Yahoo: Shun me once, shame on you. Shun me three times in one day, shame on… uh, shame on all of you.
Vanity Fair is running the second excerpt from the forthcoming book that Michael Wolff wrote about News Corp chief Rupert Murdoch (this one centers on his family), and Wolff is making the rounds this week to talk about it. He was on CNBC moments ago, engaging in everyone’s favorite media parlor game: Parsing Murdoch’s every move like a multi-clause sentence. Friday’s appearance follows a panel discussion at a PaidContent.org conference earlier this week where he made similar remarks. Here’s what he said on CNBC.
Esquire magazine is running a Q&A with News Corp chief Rupert Murdoch, in which in the international media tycoon talks about his upbringing, what makes Murdoch Murdoch, his new crown jewel The Wall Street Journal, Fox News and a host of other subjects. Without further ado (warning: look out for some inappropriate language):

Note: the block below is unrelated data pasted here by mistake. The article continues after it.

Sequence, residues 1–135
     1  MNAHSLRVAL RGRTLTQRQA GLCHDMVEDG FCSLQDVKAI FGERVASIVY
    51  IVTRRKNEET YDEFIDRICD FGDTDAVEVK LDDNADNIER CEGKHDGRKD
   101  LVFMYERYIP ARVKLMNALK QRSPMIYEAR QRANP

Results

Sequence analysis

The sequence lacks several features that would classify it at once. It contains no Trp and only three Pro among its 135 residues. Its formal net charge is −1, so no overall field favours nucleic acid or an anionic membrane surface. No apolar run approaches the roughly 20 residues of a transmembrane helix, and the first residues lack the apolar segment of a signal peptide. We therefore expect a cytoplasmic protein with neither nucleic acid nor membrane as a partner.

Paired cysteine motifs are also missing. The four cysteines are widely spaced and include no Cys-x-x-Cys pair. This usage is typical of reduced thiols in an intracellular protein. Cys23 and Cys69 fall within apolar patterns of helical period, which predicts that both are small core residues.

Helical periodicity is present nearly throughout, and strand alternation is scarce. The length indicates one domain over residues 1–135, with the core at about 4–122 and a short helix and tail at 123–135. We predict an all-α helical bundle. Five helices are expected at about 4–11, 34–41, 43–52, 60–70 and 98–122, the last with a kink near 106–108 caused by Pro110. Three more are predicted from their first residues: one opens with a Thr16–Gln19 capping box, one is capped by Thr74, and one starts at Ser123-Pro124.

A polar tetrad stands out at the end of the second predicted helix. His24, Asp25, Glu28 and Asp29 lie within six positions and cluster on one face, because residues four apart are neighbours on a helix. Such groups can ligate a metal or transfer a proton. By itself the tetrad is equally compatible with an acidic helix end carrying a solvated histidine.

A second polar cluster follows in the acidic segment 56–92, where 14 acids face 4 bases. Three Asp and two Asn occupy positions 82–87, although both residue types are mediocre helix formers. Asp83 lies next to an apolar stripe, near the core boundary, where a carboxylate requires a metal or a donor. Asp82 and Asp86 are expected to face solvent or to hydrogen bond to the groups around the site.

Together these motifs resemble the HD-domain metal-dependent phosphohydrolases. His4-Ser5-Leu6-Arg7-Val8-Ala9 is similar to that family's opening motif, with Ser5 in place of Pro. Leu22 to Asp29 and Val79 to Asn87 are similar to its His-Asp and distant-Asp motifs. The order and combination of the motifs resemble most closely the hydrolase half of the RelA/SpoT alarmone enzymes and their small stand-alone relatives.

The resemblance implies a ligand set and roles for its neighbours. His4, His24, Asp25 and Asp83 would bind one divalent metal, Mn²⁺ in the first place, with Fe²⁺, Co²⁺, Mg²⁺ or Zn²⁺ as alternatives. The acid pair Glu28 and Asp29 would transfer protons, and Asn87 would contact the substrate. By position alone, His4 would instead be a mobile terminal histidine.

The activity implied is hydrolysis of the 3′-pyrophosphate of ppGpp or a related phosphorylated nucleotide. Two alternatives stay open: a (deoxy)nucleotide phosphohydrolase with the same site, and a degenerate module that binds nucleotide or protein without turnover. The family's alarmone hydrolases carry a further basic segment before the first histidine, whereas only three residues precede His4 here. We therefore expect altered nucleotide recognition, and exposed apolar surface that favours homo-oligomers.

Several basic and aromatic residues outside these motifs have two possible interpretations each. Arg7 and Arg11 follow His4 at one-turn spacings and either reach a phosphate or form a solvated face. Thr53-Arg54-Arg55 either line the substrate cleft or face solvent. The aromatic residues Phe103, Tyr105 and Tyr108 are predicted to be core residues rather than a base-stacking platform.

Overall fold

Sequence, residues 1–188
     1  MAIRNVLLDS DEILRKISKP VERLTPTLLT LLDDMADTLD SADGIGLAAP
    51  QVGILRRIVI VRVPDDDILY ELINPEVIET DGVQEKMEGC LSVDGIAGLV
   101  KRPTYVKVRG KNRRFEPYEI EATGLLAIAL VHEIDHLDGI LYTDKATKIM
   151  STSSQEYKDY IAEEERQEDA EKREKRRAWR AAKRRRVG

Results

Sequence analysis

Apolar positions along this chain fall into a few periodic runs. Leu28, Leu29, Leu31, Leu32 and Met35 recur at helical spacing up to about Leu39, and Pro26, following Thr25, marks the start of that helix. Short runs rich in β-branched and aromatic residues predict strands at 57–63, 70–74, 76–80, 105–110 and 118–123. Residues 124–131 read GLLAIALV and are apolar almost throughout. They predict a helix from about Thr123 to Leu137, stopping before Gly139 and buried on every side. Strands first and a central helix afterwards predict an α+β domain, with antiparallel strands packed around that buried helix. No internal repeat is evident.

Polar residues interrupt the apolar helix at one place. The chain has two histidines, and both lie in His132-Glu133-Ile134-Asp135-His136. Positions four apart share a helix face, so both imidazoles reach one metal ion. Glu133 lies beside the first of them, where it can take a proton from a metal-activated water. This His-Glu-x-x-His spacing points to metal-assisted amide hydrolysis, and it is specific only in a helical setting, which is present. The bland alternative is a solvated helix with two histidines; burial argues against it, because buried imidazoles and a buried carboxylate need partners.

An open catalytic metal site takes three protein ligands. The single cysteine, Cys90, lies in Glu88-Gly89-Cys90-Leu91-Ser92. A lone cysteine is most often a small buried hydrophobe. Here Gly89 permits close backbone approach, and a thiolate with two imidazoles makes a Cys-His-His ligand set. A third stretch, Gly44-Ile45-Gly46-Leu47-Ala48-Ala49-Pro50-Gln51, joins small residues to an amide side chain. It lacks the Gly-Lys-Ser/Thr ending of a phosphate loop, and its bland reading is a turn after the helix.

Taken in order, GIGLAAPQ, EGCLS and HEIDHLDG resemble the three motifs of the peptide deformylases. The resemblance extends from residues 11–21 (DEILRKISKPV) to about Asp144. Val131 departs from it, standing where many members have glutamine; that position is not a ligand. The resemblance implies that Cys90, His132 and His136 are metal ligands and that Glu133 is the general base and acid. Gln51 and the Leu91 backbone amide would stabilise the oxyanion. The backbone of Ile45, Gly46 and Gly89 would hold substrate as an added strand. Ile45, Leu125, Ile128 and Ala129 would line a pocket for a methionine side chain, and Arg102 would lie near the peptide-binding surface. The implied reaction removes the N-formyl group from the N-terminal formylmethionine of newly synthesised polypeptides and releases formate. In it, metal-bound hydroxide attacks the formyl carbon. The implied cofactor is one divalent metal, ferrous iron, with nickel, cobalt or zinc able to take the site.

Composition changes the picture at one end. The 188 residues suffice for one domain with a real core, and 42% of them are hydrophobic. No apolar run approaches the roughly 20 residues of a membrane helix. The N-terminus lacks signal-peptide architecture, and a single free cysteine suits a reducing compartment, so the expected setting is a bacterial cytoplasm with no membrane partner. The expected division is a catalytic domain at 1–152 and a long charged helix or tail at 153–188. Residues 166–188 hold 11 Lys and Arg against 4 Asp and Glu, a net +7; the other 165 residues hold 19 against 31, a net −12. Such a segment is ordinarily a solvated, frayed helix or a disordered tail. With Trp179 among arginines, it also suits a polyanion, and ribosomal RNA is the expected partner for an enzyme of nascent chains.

Rupert Murdoch’s children have the perfect gift to give to Dad come Father’s Day next year: a book on indoor and outdoor grilling by celebrity chef Emeril Lagasse that will come out on May 12, 2009. It’s the first entry in a 10-book project that Lagasse — now a member of the Martha Stewart Living Omnimedia franchise — prepared for HarperStudio, an imprint of book publisher and News Corp subsidiary HarperCollins.
The company’s earnings report should cast some more light on what’s happening in the media world — both in the United States and abroad. This is, after all, a media company with enormous reach and one whose shares have been hammered this year on worries about a slowdown.
For better or worse, Rupert Murdoch has made big changes to the look and feel of The Wall Street Journal. But whatever your take, it’s hard to dislike a man who loves newspapers so much, says Marjorie Scardino, CEO of Financial Times owner Pearson.